• 5. Playback Bit RateOnline video publishers all adopt high-quality or high-definition video for competitiveand branding purposes, also based on the experience in cable TV, where higherresolutions translated into greater user engagement.There has been a lot of discussion in the industry about whether increasing the bitrate available to the user and thereby improving video resolution has a positiveimpact on user engagement. Therefore, we began our analysis by correlating usersaverage playback bit rates and session lengths. We expected a positive correlation(i.e., that higher bit rates come with longer sessions).Our statistical analysis showed that users did watch the video streams for a longertime if they watched the event at higher playback bit rates (i.e., at higher videoresolutions) — but only up to a certain bit rate. That is, for each event, if we analyzedonly the cases up to that events optimal bit rate threshold, correlation betweenplayback bit rates and session length was positive, which means that higher bit ratestended to go with longer sessions (see Figure 1). The impact was slight, butstatistically significant.FIGURE 1Correlation Between Session Time and Playback Bit Rates forCases up to the Optimal Bit Rate Threshold for Each Event Soccer A Soccer B Soccer C Sports Event A Sports Event B Sports Event C -0.4 -0.3 -0.2 -0.1 0.0 0.1 0.2 0.3 0.4 (Correlation coef f icient)Note: For the optimal bit rate threshold (i.e., the playback bit rates up to which cases wereanalyzed for each of the above events), see Table 2.Source: IDC, 2011©2011 IDC #229083 5
  • 6. After that threshold, there was no additional positive effect on session times, orthe effect decreased. For the six events analyzed, the threshold was at differentlevels (see Table 2). For publishers, this means that it is necessary to carefullymeasure and monitor the impact of bit rate on session lengths to establish the optimalbit rate range. TABLE 2 Maximum Playback Bit Rate Level Showing Positive Impact on Session Length Maximum Bit Rate (kbps) up to Which Higher Bit Rates Further Improved Impact on Session Lengths Correlation Coefficient Soccer A 1000 0.120 Soccer B 2500 0.148 Soccer C 1000 0.031 Sports Event A 2000 0.021 Sports Event B 3500 0.048 Sports Event C 1500 0.023 Source: IDC, 2011It is difficult to arrive at a formula that would express how much user engagement(i.e., session lengths) increases as bit rate increases given the many factors that havean impact on video performance (see next paragraph). But based on the kind ofperformance increases we have seen in the data, we would expect to see, as a ruleof thumb, an increase of 10% in session lengths per 500 kbps increase in averageplayback bit rate.Keep in mind that the bit rates offered by publishers were vastly different betweenevents. This may be one reason why the cutoff is at different levels for differentevents. We also theorize that there may be other effects at work as well. For instance,those users who watch video at the highest bit rates also must have the infrastructure(e.g., a high broadband access speed) in place to be able to watch at these rates.Those users are also more likely to have incomes and busier lives, which couldexplain why they are more likely to watch for shorter periods of time. More research isneeded, taking into account cultural, social, and situational factors.RebufferingRebuffering events are among the most frustrating experiences when watching a livevideo stream. We analyzed the impact of rebuffering events per hour. These areincidents where the buffer of the users video player runs out of data and must be6 #229083 ©2011 IDC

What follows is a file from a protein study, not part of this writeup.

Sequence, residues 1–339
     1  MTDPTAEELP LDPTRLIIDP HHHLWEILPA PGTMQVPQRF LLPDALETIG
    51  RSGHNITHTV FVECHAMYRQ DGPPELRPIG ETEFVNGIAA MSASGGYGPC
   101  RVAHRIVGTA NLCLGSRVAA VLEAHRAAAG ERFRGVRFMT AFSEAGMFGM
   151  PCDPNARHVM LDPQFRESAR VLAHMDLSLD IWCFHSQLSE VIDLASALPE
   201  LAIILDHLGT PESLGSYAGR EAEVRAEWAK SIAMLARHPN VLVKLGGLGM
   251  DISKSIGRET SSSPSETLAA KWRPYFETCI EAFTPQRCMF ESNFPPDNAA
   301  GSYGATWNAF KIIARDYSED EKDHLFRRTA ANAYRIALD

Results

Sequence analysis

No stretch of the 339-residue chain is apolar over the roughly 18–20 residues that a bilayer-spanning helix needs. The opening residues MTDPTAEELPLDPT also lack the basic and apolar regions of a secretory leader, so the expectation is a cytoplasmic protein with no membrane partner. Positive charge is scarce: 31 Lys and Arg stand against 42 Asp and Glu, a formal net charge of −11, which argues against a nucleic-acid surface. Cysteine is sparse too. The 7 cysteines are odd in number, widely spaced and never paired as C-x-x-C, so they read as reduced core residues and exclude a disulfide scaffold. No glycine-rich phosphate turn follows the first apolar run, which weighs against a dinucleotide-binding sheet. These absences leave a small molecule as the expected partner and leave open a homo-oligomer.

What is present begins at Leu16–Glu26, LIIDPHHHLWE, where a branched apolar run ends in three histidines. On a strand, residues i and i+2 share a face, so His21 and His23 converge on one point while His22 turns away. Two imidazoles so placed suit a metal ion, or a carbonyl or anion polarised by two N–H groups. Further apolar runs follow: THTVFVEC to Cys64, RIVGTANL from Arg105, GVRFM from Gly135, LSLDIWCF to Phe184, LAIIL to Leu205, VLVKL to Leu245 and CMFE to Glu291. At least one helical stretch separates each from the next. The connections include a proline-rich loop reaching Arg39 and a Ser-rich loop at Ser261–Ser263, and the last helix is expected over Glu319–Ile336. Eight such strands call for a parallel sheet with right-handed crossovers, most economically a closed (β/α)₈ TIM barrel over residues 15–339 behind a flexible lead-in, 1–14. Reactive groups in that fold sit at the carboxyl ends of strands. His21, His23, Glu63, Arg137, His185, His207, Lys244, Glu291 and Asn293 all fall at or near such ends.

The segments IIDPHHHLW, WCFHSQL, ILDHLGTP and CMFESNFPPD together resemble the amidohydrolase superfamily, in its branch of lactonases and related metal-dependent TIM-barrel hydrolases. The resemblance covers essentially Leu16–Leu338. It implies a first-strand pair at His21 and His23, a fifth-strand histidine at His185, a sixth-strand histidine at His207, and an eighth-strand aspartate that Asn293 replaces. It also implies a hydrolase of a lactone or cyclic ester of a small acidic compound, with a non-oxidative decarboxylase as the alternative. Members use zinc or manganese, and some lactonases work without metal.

• 7. replenished by the server while the picture freezes. Rebuffering is caused either by aconnection slowdown or by bad heuristics (i.e., when the player waits too long toswitch to a lower bit rate).We expected a negative correlation between the number of rebuffering events andsession durations (i.e., for more rebuffering events to go with shorter sessions)because with more interruptions of the video stream, users would become morefrustrated and more likely to stop watching it.That is precisely what we found. The number of rebuffering events turned out to beone of the worst factors impacting user engagement (see Figure 2).FIGURE 2Correlation Between Sessi on Time and Rebuffering Events perHour Soccer A Soccer B Soccer C Sports Event A Sports Event B Sports Event C -0.4 -0.3 -0.2 -0.1 0.0 0.1 0.2 0.3 0.4 (Correlation coef f icient)Source: IDC, 2011Then we looked at the impact of the total share of the session time that users had tospend waiting for the rebuffering to complete and the video to resume (aggregatingthe waiting time incurred by all rebuffering events) on session lengths.Again, we expected a negative correlation (i.e., for higher rebuffering time shares togo with shorter session durations). And again, we found that to be the case (seeFigure 3). Rebuffering duration was the second most important factor negativelyimpacting user engagement. This also means the negative impact of rebuffering timewas smaller than that of the number of rebuffering events. Apparently, viewers findthat disruption as such is worse than waiting for it to end.©2011 IDC #229083 7